Mount Vernon's Tess Ailshire was at the event with her husband and son. She was also openly carrying a Bersa 9mm.
"I got up to get a sno cone and went back to sit down," Ailshire told Patch. "I noticed that there was staff walking around like they were looking for someone. I joked with my husband that they were looking for me."
Ailshire was asked to leave the property.
"I just want them to tell me that it's not going to happen again, because it's county-funded, and because of state preemptive laws they can not prevent firearms out there," she said.
High-profile public shootings in recent years has elevated the debate over gun access. Virginia law allows individuals to carry handguns in public.
John Mason, President and CEO of the Workhouse, issued this apology on the Lorton Patch Facebook page:
"On behalf of the Lorton Arts Foundation, Inc., I am using this method (as I do not have access to the "open carry" forum) to extend our apologies for having inappropriately stated that weapons are not permitted on the Workhouse Arts Center campus. Our policy is to be consistent with Commonwealth of Virginia law, which under the circumstances would not have prohibited you from carrying a weapon last Saturday evening. Would appreciate your sharing this note with "open carry" forum so all interested understand that I have acknowledged a mistake."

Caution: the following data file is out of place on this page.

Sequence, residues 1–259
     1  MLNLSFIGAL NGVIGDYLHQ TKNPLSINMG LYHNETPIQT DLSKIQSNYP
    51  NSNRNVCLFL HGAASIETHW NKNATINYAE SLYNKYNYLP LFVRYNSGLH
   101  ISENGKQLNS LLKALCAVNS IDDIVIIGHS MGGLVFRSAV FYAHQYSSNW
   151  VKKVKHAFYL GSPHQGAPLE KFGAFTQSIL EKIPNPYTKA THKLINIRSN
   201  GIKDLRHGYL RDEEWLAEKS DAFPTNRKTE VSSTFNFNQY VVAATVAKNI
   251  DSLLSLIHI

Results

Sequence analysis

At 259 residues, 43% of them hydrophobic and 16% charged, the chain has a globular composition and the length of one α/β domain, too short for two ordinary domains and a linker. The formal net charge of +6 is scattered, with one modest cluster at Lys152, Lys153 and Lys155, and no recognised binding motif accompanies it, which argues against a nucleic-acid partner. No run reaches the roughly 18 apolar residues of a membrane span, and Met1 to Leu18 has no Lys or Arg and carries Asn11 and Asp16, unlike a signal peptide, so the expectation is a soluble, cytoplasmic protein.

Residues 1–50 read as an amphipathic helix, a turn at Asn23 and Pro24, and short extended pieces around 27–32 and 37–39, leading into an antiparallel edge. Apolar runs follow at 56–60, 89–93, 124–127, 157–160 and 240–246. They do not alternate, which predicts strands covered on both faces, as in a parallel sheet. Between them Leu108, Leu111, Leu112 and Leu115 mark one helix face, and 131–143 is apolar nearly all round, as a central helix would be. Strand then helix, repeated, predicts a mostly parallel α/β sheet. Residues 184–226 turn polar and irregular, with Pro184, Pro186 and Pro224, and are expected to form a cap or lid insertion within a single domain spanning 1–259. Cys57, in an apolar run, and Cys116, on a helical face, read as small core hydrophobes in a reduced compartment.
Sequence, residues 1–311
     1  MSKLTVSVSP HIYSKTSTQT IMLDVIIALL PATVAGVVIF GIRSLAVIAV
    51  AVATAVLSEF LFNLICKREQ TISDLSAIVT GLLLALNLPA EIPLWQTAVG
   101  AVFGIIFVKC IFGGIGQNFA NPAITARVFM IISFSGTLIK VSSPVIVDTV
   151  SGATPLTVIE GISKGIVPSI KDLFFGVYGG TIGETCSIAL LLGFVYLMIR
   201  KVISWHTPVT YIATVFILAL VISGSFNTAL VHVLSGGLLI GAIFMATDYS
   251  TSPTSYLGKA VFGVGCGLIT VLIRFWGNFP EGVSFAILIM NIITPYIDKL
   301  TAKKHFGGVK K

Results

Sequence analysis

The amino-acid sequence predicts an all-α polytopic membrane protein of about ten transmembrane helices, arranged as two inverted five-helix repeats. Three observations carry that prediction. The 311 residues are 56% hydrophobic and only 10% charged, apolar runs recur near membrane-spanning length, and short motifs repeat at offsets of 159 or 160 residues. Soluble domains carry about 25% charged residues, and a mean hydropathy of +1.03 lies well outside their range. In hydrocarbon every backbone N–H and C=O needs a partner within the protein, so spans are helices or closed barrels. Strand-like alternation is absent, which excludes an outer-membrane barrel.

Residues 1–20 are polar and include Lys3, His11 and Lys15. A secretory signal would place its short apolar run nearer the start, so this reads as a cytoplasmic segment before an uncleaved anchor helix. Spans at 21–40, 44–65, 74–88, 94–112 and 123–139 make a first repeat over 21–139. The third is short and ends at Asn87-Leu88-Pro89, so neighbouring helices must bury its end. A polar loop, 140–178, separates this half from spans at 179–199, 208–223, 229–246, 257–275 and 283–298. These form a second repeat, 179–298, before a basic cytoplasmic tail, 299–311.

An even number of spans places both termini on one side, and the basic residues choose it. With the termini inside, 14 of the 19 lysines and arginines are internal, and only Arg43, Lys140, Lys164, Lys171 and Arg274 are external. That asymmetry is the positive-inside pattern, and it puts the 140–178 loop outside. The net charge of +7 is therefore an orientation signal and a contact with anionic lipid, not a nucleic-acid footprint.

Northern Virginia was also in the national spotlight on gun carrying rules in March. Prince William County Police Officers carrying guns were refused service at a Buffalo Wild Wings in Manassas because of the chain's rule against weapons. The restaurant manager later apologized for the incident. Tell us in the comments what you think about gun laws in Virginia.